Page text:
Rip Curl GPS Watch Review

Last Updated on January 11, 2023

Looking for a new surfing watch to help track your sessions, tides, sync to Surfline cams, and all that other digital watch stuff? Let’s take a look into an objective review of the Rip Curl GPS Watch, or more specifically, The Search GPS 2 digital surf watch.

Below, I’ll break down my experience with the watch across a few key categories including price, battery life, durability, GPS, Surfline integration, problems, apps, and my overall experience over the last of year.

Rip Curl GPS Watch Price

At the time of this writing, the GPS 2 watch retails around the web for $230.99 to $359.95, depending on which color you get. 

There are certainly other tide watches on the market for cheaper, but this is one of the more premium surf watches due to the GPS integrations.

Rip Curl GPS Watch Battery Life

The GPS 2 has two battery functions to be aware of. The first is the primary watch function and the second is the GPS function. Both are charged from the same USB charger but you’ll find you need to charge the GPS function regularly.

I didn’t realize the primary watch could be recharged as I thought it ran on a normal watch battery, but it does have really good longevity and is something I like about the watch.

The GPS function – the part that powers your ability to track sessions – typically lasts one or two sessions. In short, you need to recharge this every other day or so if you are surfing and using the GPS tracking.

Rip Curl GPS Watch Durability

This watch is made of ABS hardened plastic so I find that the durability is quite good. While my watch does have some normal nicks and dings, it has no damage to speak of. The rubber band is still going strong after one year and all pieces have maintained their integrity. It is a tough watch.

Rip Curl GPS Watch GPS Accuracy

The accuracy of my Rip Curl GPS Watch leaves something to be desired. I’m not sure if the issue is reserved to my pocket of Central Florida coastline, but I find it to be highly inaccurate on wave count. 

Getting the watch to actually enter the surf tracking mode is also buggy. If I don’t turn on the tracking feature at my car before walking down to the beach, it won’t pick up my GPS location and allow me to track.

I also find that the tide settings are completely inaccurate when compared to other tide resources. My watch is a full 50 minutes off the tide at my local beach, despite the option to set it accordingly. Tide is extremely important for surfing, so this is a big miss for me in terms of accuracy.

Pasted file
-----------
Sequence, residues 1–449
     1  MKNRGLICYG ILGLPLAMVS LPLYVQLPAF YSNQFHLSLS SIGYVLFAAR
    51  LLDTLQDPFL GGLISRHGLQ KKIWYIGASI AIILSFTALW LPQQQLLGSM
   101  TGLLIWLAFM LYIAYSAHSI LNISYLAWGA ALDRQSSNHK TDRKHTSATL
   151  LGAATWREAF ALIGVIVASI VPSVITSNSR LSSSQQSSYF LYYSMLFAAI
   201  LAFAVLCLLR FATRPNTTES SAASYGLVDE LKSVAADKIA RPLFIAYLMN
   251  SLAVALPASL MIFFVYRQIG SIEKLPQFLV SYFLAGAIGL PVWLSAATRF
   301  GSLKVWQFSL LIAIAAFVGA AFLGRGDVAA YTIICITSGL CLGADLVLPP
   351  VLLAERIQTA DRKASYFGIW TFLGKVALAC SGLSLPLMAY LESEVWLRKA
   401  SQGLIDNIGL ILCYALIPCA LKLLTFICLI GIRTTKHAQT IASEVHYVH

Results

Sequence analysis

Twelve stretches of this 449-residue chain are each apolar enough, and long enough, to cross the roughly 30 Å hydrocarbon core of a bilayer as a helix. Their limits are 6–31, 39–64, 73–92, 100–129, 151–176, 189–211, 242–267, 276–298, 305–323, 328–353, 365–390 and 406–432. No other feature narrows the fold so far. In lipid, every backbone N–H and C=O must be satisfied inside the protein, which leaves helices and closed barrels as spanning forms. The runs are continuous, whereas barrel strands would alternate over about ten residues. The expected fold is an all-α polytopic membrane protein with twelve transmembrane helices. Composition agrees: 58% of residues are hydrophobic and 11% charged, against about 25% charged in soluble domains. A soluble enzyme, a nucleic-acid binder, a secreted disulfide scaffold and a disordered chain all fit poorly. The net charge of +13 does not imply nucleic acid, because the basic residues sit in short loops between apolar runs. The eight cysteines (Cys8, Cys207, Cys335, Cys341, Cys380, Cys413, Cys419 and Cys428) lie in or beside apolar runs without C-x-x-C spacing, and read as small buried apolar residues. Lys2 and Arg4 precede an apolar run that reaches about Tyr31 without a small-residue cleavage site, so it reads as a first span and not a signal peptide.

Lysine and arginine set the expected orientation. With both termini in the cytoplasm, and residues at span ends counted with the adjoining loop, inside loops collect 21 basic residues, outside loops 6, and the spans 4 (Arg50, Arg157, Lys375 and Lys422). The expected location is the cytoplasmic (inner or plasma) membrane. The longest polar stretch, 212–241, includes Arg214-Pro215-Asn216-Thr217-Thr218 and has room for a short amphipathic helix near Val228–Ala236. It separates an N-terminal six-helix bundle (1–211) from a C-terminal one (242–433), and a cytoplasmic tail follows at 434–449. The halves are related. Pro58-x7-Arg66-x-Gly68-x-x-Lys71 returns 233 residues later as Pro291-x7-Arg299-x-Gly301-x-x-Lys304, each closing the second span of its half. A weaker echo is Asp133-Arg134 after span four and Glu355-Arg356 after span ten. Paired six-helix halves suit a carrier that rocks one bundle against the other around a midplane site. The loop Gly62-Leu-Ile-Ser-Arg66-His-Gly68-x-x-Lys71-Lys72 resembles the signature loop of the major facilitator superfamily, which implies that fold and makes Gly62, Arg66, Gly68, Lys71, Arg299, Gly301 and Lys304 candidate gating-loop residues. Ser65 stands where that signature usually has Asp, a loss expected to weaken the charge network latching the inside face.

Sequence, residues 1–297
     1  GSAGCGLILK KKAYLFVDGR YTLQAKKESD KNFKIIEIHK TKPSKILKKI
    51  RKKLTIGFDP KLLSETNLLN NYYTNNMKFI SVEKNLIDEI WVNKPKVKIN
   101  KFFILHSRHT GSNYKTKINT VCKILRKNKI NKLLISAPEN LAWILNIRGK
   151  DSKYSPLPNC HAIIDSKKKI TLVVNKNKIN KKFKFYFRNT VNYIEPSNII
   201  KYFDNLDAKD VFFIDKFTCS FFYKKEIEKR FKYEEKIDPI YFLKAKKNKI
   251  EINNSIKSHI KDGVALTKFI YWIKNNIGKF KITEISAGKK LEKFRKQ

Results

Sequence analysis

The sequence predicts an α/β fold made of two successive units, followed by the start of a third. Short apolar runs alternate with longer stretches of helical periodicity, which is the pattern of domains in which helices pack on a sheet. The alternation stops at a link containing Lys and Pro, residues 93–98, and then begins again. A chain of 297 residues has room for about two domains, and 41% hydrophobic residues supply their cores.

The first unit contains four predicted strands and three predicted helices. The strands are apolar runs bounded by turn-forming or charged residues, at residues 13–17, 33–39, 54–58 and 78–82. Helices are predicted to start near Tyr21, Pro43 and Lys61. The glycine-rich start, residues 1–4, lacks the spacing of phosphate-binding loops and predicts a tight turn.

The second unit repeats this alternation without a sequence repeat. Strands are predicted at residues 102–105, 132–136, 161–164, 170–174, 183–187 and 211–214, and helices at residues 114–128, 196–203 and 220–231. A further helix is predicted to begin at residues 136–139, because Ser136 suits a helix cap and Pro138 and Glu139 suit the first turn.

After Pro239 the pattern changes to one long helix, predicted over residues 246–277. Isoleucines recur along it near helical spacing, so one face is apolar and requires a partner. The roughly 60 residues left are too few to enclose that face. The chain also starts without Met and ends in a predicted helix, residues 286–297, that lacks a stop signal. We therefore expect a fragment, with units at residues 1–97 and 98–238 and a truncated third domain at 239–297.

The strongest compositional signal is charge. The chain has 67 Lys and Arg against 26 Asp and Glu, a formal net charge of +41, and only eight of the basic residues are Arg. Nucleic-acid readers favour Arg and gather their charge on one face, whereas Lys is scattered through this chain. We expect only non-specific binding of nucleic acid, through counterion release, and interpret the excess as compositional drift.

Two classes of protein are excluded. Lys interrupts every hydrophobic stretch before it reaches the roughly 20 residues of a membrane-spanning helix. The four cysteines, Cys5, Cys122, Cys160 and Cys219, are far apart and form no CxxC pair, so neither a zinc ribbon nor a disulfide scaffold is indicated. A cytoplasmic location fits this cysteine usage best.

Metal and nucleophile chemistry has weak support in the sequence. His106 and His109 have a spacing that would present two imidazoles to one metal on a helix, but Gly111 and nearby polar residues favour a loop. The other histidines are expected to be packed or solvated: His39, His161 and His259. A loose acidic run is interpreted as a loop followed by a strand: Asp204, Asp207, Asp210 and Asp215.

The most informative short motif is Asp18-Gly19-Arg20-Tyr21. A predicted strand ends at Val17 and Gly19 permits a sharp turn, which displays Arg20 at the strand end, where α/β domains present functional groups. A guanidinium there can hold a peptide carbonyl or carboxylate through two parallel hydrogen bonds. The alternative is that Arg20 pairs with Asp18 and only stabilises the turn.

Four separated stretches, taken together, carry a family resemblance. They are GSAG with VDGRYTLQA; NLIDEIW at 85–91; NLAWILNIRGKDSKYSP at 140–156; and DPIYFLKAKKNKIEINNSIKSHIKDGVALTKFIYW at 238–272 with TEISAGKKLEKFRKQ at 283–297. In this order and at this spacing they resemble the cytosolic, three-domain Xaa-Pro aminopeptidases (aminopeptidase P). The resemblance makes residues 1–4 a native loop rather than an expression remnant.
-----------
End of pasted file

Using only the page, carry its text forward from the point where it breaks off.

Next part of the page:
I contacted customer service about this issue and they never responded.

Rip Curl GPS Watch Surfline Integration

The integration with Surfline cameras is one of the highlights of this watch. If you are unfamiliar, you can actually set up the watch to track your sessions and sync with Surfline wherever they have a camera set up. It’s quite fun to be able to go back to the Surfline app and try and watch your waves.

I will admit that my success with this is quite low, but that is more due to Surfline’s poor camera angles at the locations I am surfing than it is with the watch. 

Rip Curl GPS Watch Problems

My primary problems with the watch are the inaccuracy of the tide data and the watch’s inability to update it automatically. The other prominent issue is the inaccuracy of wave tracking; the watch doesn’t do a good job of registering total wave counts, often missing out on tracking of about 20-30% of my waves.

Rip Curl GPS Watch App


I have no qualms with the iPhone app but there are quite a few bad reviews of those with Android phones. As of now, Rip Curl does not make an Android app and they recommend using the desktop app to sync surfs.For people who want to synce surfs immediately after a session, this is a miss.

Overall Takeaway

My overall takeaway from one year with the Rip Curl GPS watch is that has some high points and low points. I like the style of the watch, its aesthetics, and simple user interface. The pricepoint is also fair from the list of features available. It also fits well on my skinny wrists even though it has a rather large case size of 43 mm.

On the negative side, the inaccuracy of tide tracking is a major downfall and too important of a feature to be inaccurate. The inability of the GPS to track accurate wave counts also is disappointing, as those users who value this type of data may be let down.

Dan L

Dan is the founder and editor of SwellSpy and frequently surfs Sebastian and Ft. Pierce inlets. He loves classic Land Rovers, a good BBQ, and an uncrowded peak with friends.

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